The Easter table in Argentina has European inspiration. Pascualina Pie is of Ligurian origin, in northern Italy. It is a savoury dish filled with spinach, artichokes, parsley, ricotta and whole boiled eggs. The latter represents the resurrection of Christ. The 33 layers that make up the dough symbolize Jesus’ years of life.

slice of pascualina pie eaten at argentinian easter
Pascualina Pie | © Oleksandr Prokopenko

Tsoureki – Greece

Tsoureki is a braided sweet bread, with strong symbolism in the pagan and Christian cultures. For both, bread represents life, while braided bread has different meanings. In pagan culture, it drives away evil spirits while for Christians, the three-strand braid symbolizes the Holy Trinity. After baking, eggs dyed red that represents the blood of Christ are placed on the bread.

greek tsoureki braided bread with red painted eggs on top
Tsoureki | © Rawf8

Mona de Páscoa – Spain

In some regions of Spain, more specifically in Catalonia, children look forward to Monday to get Easter Monas from their godparents. In their original format, monas are simple brioches decorated with boiled eggs. However, the ones that are most successful with the kids are more elaborate and look like a themed birthday cake.

spanish brioches decorated with boiled eggs made especially for easter
Mona de Pascua | © Liliana Fuchs via Flickr

Colomba Pascal – Italy

Anyone who thinks that food cannot seal the peace between peoples is because they don’t know the history of Colomba Pascal. Legend has it that a baker from the city of Pavia, in northern Italy, presented the king who was at war with his city with a dove-shaped candy. The king liked the orange-flavoured cake so much that he left his war intentions behind.

a dove-shaped easter bread served in Italy
Colomba Pasquale | © Tina Fields

Hot Cross Buns – England

Originally, these rolls were stuffed with dried fruit and consumed on Good Friday. Nowadays, it is easy to find them filled with chocolate and nuts all year round. The cross drawn on the rolls refers to the crucifixion of Christ and ward off evil spirits. Still according to tradition, offering Hot Cross Buns to friends strengthens the relationship.

easter bread rolls stuffed with dried fruits
Hot Cross Buns | © creacart

Mämmi – Finland

One of Finland’s typical Easter foods is Mämmi, a dessert based on rye flour, malt, molasses, water, salt and orange zest. It takes time to prepare and can take 3 to 4 days to be ready. For the hurried, it is easy to find it in supermarkets, serving it with some cream on Good Friday, the day you should avoid household chores and eat simple, cold meals.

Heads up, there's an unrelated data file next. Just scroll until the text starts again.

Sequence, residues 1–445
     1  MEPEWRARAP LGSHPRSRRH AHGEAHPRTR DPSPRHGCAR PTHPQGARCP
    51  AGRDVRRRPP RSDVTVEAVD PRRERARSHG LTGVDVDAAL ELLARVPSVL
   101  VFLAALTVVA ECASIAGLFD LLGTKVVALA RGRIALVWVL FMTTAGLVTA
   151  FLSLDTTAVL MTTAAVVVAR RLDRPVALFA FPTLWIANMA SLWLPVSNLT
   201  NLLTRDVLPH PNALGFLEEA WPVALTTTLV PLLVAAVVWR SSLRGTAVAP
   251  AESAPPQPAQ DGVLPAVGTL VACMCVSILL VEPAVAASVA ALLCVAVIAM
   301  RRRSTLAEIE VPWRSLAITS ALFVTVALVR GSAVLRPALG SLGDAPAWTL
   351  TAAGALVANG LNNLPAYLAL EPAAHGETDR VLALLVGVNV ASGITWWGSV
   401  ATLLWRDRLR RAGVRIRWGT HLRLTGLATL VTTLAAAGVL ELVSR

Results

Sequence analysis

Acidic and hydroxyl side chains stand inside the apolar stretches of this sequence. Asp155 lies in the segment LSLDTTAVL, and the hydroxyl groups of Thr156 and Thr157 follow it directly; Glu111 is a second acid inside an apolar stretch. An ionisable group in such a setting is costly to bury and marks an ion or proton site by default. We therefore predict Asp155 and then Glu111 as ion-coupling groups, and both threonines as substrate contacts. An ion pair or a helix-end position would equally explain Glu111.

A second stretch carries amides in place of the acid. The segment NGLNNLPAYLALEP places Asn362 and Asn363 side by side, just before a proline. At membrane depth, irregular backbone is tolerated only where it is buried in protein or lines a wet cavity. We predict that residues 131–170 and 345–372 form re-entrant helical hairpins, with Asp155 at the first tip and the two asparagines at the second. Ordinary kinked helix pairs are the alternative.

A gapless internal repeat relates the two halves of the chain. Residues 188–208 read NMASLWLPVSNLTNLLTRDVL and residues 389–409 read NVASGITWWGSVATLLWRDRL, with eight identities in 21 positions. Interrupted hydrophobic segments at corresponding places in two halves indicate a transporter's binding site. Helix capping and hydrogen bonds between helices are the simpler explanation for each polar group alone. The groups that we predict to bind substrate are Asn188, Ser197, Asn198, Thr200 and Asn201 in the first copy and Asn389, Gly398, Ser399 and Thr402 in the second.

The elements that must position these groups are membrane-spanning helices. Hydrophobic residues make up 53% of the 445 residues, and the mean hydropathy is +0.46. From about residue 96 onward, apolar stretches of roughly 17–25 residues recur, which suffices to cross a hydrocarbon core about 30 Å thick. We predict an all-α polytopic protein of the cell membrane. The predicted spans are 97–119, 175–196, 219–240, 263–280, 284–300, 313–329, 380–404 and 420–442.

a dessert from Finland based on rye flour, malt, molasses, water, salt and orange zest served on a plate with cream
Mämmi | © Martti Tulenheim via Flickr

Pinca – Slovenia and Croatia

It is a sweet bread made with wheat flour, eggs, sugar, milk, raisins, lemon or orange zest and finished with prošek, a local wine. Originally, it was created to celebrate the arrival of spring, but it ended up being incorporated into the Christian tradition. As in other cultures, Pinca must be blessed on Holy Saturday to be consumed on Easter Sunday.

sweet breads called pinca typical easter food in croatia and slovenia
Pinca | © yurhus

Chakapuli – Georgia

Chakapuli is the typical Georgian Easter food and consists of a lamb stew based on white wine, tarragon leaves, tkemali (green plums), chives and green peppers. It is served hot and accompanied with bread. Although it can be consumed throughout the year, the greatest demand is in the spring when the plums are not yet ripe.

lamb and vegetables stew from Georgia typical easter recipe
Chakapuli | © fotoman

Souvla – Cyprus

How about eating a barbecue in Holy Week? Souvla is a lamb meat skewer that Cypriots have for lunch on Easter Sunday. As in other cultures with a European influence, eating this type of meat in Cyprus is a way of honouring the sacrifice of the Lamb of God.

souvla cyprus barbecue traditional at easter sunday
Souvla | © stephanoschristodoulou

Escovitch – Jamaica

As a Caribbean country, Jamaica’s typical Easter food is fish-based. After fried, it is marinated in a spicy sauce, made of white onions, strips of carrot and peppers. Escovitch is served on Good Friday with white rice or bammy, a traditional manioc bread.

jamaican grilled fish served with bammy, typical easter food
Escovitch | © Dubaune Cas

Påskmus – Sweden

Påskmus is a Swedish soft drink made with extract of hops, malt and spices, produced especially for Easter. It was created in 1910 as a non-alcoholic alternative to beer. The figures show how Swedes love påskmus. On Holy Week holidays alone, they consume 10 million litres of the drink. For the rest of the year, it is called Julmust.

bottles of paskmust a traditional swedish drink consumed during easter
Påskmust | © Joakim Jardenberg via Flickr